This paper examines private sector job creation in Tunisia over the period 1996-2010 using a unique database containing information on all registered private enterprises, including self-employment. Overall net job creation by firms was disappointing and the firm-size distribution became increasingly right skewed, with 2 out of every 5 net new jobs being in one-person firms (self-employment). The increasing importance of small-scale employment reflects the contributions of new firms and the fact that most entrants start small. Post-entry, however, small firms are the worst performers in terms of job creation, even if they survive; there is no “up-or-out” dynamic as is the case in the U.S. Instead we observe structural stagnation; mobility is extremely limited, with very few firms managing to grow. Moreover, the link between productivity, profitability and job creation is very weak, pointing towards severe weaknesses in the re-allocative process. A simple simulation exercise suggests that if pre-revolution trends continue unabated, by 2025, 90% of firms will be one-person enterprises and 42% of all formal jobs will be in the form of self-employment.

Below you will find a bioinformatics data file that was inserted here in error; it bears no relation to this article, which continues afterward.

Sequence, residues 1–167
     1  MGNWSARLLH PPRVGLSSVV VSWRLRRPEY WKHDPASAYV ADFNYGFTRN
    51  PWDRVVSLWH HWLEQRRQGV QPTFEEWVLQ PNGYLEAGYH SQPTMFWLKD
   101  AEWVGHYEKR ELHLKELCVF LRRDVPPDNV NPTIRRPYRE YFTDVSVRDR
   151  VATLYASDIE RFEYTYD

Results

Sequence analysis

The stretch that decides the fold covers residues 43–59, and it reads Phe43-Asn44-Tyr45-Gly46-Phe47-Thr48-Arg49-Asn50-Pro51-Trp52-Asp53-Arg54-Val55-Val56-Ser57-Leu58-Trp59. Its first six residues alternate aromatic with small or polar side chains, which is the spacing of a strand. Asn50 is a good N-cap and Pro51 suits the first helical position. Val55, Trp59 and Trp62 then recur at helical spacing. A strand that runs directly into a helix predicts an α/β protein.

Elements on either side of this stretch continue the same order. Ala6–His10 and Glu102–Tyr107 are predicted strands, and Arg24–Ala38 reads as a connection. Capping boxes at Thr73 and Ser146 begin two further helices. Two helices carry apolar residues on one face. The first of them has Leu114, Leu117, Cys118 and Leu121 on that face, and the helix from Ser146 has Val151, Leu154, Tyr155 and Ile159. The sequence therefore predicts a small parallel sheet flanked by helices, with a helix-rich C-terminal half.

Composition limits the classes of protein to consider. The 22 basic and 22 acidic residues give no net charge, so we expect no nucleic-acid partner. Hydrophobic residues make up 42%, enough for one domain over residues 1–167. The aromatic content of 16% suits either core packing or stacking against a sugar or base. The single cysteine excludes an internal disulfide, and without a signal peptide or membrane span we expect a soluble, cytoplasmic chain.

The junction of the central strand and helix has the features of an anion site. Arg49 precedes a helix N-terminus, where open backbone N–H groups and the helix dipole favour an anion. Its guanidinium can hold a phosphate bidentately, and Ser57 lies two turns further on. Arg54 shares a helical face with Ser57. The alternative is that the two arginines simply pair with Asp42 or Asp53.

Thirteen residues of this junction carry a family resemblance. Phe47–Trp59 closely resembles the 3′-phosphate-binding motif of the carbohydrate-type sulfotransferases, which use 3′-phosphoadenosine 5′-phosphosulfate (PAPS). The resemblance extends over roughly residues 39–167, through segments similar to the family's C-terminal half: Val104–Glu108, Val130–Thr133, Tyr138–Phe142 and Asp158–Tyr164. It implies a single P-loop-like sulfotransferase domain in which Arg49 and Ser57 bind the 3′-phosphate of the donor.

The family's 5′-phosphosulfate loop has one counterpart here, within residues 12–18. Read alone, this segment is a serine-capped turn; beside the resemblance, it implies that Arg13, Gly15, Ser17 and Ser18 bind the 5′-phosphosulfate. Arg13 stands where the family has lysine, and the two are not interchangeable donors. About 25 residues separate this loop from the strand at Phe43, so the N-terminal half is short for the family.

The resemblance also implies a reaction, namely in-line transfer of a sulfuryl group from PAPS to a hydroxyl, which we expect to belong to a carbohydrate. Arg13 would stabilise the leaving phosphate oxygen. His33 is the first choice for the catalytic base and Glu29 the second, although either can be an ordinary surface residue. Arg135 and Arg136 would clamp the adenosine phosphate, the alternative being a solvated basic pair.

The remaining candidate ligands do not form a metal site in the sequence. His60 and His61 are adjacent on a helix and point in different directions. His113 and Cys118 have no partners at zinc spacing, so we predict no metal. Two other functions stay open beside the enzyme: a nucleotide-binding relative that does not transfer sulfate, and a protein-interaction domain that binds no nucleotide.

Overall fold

Rijkers, B.; Arrouri, H.; Freund, C.; Nucifora, A. Which Firms Create the Most Jobs in Developing Countries: Evidence from Africa. The World Bank, Washington DC, USA (2013) 51 pp.
Which Firms Create the Most Jobs in Developing Countries: Evidence from Africa